PLANS to create new cycle lanes have been axed after civic chiefs were forced to cut £250,000 from their transport budget due to the squeeze on public spending.
Hartlepool Borough Council's transport team had planned to create new cycle tracks and lanes and improve signage across town.
But they have been forced to axe the scheme, which would have cost more than 200,000, in a bid to save 259,000 from this year's local transport plan budget.
It comes after the new coalition Government announced cuts of around 3m.
The 259,000 equates to 11 per cent of the overall transport budget for this year.
Labour councillor Peter Jackson approved the reductions in funding at a meeting of his transport and neighbourhoods portfolio.
He said it was a "very difficult" decision to take, but stressed that road maintenance and school safety schemes were the priority.
Coun Jackson also agreed to scrap walking schemes and workplace travel plans, which aimed to encourage people to use public transport or walk to work, worth around 50,000.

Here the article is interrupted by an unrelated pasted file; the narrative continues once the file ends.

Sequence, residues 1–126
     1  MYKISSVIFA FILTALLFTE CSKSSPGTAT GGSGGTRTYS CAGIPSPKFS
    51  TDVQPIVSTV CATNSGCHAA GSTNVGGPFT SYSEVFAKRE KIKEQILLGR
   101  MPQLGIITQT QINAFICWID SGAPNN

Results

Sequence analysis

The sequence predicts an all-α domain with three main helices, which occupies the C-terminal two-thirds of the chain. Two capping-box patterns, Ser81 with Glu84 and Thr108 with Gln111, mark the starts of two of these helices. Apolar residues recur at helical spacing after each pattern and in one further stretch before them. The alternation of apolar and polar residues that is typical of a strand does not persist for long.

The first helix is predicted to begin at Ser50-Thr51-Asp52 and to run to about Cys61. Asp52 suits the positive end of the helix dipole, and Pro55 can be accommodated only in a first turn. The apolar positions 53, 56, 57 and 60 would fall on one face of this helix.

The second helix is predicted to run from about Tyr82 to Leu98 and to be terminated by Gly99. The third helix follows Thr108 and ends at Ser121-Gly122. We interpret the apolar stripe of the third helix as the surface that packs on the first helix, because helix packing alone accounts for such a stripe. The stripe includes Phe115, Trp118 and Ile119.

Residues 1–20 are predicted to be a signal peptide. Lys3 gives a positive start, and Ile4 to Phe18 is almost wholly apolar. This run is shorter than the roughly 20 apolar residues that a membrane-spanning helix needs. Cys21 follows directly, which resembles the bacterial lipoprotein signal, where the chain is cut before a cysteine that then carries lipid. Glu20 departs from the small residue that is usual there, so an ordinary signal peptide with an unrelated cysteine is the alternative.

A motorcycle training scheme worth 20,000 has also been scrapped, while each of the town's three neighbourhood forums have seen their traffic management budgets cut by 2,000.
Alastair Smith, the council's assistant director of transportation and engineering, said: "In order to achieve the saving of 259,000 there are two main options; reduce the budgets of all schemes proportionately by 11 per cent or recover the cost from one or more individual schemes."
Coun Jackson said he didn't think it was fair to have a 11 per cent cut across the board.
He said: "It is a very difficult decision to make and I am sure that there will be more to come with the reductions this Government is going to bring.
"The bulk of the reductions is coming from the cycling scheme.
"That is for this year only and I would like the local transport plan to look at what we can spend next time year when it comes forward.
"I am not going to say that we will knock this on the head forever.
"This is a one-off situation that we have to deal with."
Coun Jackson, a keen cyclist, added that the money would have seen the creation of new cycling tracks around town.
He said: "The existing cycle tracks in town are in good condition, far better than in other towns that I have been in.
"The priorities are road safety schemes, safety around schools and road maintenance and potholes."